Malakasa is almost exclusively populated by Afghans, for example, while the broader refugee populations come from Syria and Iraq, among other places. Of these, Afghans face a particularly difficult path. Afghans have recently been excluded from the list of nationalities eligible for the European Relocation program. And since October, an EU-Afghanistan “Joint Way Forward” agreement allows countries in the EU to deport Afghan asylum-seekers back to Afghanistan. Only people from Syria, Eritrea, Burundi, Mozambique, Bahrain, Bhutan, Qatar, and Yemen are eligible for relocation in Europe; the rest have, until now, had the option of attempting to claim asylum in Greece or of being returned to Turkey, which has been accused of some very troubling actions against refugees in recent months, including arrests, beatings, and forced relocations.

Many people in Malakasa told me of the violence that had forced them to leave. Like Salima and her family, they fled to preserve their lives after a direct threat or the killing of a family member. Many of the Afghans I spoke with at Malakasa were Hazara, a Shi’a minority group in Afghanistan that is specifically targeted by Taliban and al-Qaeda forces. These were not “economic migrants.”

Even if they had been, the line between an economic refugee and one fleeing violence is very thin. Being deprived of food, shelter, and opportunities to work are certainly another form of violence. And those without economic means are at a much higher risk of experiencing physical violence. Current international agreements on refugees do not acknowledge these realities, nor do they address historical exploitation of certain populations.

Trying to help in a situation like the one in Greece raises a pyramid of questions, one built atop the other. I began by asking How can I, in an immediate sense, best help the people here? but that quickly turned into Why are they stuck here in this camp, and how can we change that? That question grows into Where does Europe draw the lines about who can seek asylum and who cannot? which spirals into Why are we privileging the devastation of war on people’s lives over the arguably just as devastating effects of economic privation? and What do we do with this world constructed on such massive global systems of inequality? Each question seems overwhelming in its own right, but each is necessary—even critical—to ask.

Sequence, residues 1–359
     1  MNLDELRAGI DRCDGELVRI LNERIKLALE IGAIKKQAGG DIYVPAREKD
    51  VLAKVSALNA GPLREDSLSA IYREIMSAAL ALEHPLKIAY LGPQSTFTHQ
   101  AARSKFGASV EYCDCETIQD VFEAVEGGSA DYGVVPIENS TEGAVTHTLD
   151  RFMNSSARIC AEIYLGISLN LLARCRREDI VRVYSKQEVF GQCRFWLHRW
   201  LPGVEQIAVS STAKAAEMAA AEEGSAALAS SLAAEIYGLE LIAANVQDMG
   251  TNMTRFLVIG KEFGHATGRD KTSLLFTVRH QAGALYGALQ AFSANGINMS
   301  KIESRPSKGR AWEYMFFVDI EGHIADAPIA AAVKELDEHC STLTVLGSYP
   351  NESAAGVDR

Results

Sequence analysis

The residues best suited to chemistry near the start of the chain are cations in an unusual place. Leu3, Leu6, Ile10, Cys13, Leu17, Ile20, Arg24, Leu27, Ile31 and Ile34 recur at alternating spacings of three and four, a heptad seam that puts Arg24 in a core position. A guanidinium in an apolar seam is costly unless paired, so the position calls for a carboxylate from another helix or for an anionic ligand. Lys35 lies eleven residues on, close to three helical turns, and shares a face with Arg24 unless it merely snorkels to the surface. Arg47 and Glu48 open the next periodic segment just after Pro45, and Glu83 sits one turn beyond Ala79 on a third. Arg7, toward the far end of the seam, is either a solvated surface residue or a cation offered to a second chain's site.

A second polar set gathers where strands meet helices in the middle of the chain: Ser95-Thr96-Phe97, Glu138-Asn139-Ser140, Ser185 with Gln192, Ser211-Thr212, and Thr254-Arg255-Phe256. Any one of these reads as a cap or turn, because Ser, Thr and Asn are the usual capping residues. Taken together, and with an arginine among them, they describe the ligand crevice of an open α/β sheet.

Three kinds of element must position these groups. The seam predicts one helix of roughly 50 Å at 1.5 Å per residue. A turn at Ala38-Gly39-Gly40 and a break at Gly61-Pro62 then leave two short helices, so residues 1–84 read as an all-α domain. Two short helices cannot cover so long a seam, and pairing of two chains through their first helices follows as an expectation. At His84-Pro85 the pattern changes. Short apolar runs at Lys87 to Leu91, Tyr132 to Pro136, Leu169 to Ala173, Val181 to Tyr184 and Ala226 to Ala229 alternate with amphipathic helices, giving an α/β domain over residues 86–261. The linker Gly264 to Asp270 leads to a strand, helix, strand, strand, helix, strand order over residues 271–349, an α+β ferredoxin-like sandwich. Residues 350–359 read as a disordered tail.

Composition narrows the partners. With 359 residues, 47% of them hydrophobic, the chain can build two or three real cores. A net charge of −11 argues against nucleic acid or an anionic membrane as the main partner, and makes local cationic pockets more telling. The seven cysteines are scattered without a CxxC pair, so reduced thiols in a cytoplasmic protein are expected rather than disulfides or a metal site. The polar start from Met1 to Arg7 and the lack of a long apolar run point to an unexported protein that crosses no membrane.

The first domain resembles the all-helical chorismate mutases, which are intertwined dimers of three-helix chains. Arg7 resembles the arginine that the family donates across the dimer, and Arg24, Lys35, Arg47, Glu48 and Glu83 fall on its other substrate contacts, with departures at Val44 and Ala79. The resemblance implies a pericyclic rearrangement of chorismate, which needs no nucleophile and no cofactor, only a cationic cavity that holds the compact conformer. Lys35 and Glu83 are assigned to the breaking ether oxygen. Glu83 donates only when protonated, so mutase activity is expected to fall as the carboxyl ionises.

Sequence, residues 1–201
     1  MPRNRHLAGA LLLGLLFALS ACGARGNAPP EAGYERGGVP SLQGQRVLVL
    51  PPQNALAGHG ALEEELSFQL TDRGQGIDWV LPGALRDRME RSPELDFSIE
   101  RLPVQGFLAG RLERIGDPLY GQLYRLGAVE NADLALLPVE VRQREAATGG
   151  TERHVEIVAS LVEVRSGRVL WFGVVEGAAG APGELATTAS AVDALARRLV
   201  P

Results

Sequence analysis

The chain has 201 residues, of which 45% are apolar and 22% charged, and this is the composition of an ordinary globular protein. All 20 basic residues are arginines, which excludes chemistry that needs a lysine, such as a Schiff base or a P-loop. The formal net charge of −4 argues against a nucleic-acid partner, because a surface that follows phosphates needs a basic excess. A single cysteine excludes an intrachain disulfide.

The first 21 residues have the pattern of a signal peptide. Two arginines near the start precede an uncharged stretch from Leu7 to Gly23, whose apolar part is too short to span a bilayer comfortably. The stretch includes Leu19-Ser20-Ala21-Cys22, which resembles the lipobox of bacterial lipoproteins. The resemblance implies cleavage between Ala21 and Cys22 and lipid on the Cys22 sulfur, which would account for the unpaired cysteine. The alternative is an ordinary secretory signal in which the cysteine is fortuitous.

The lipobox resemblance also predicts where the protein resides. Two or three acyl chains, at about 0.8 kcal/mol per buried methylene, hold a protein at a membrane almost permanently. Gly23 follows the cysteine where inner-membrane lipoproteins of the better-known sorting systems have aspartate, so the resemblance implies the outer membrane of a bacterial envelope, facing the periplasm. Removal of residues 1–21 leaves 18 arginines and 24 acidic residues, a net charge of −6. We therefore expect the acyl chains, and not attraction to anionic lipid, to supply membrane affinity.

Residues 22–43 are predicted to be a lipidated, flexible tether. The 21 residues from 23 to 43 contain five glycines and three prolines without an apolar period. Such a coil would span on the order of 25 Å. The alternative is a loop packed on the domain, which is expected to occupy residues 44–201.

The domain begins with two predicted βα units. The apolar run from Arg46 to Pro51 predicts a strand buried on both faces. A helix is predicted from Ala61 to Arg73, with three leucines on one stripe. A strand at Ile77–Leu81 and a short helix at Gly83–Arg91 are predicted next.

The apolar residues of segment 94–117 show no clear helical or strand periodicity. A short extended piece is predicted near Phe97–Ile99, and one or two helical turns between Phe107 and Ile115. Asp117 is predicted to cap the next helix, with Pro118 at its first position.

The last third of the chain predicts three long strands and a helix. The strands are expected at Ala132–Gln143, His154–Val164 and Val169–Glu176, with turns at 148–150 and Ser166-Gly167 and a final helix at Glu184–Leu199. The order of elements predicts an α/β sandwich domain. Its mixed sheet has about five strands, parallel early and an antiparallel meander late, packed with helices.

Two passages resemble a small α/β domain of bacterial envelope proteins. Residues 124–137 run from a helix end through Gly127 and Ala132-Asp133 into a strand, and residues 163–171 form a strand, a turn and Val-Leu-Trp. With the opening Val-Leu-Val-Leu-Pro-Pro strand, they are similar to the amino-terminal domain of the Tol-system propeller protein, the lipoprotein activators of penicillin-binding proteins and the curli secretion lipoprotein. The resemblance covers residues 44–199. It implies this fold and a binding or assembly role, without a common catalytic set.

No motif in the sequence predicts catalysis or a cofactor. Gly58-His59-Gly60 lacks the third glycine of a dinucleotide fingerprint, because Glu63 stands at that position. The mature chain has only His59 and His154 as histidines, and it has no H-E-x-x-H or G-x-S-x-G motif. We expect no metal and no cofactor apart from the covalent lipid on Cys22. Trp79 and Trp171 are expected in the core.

The worldwide refugee crisis is not likely to get better anytime soon. Last year, global levels of forced displacement reached the highest level ever recorded. According to 2015 UNHCR statistics, “one in every 113 people on earth is either an asylum-seeker, internally displaced, or a refugee.” With such high levels of instability in the Middle East, south-central Asia, and northern Africa, the trend is unlikely to end. The UNHCR and other researchers have also warned that severe weather, disasters, drought, and food shortages due to global climate change will create a drastic increase in displaced communities. The issue of how to help refugees will only become more salient in our near future. And with the election of Donald Trump, it will almost certainly become more difficult for refugees to come to the United States.

In recent months, many people have become deeply disheartened or even cynical about the prospect of change being made within government, and we also, perhaps, are a little disenchanted with old-school activism: protests in the streets, petitions, letter writing, and so on. But so much of creating political pressure has to do with building networks that often take years to build—and this is an area that our religious communities can excel in.

The need for creative and sustained response to the global refugee crisis is stronger than ever. The answers will not be simple and will not come from only one place: we must keep asking the questions.

 

A version of this article appears in the January 18 print edition under the title “Waiting in Malakasa.”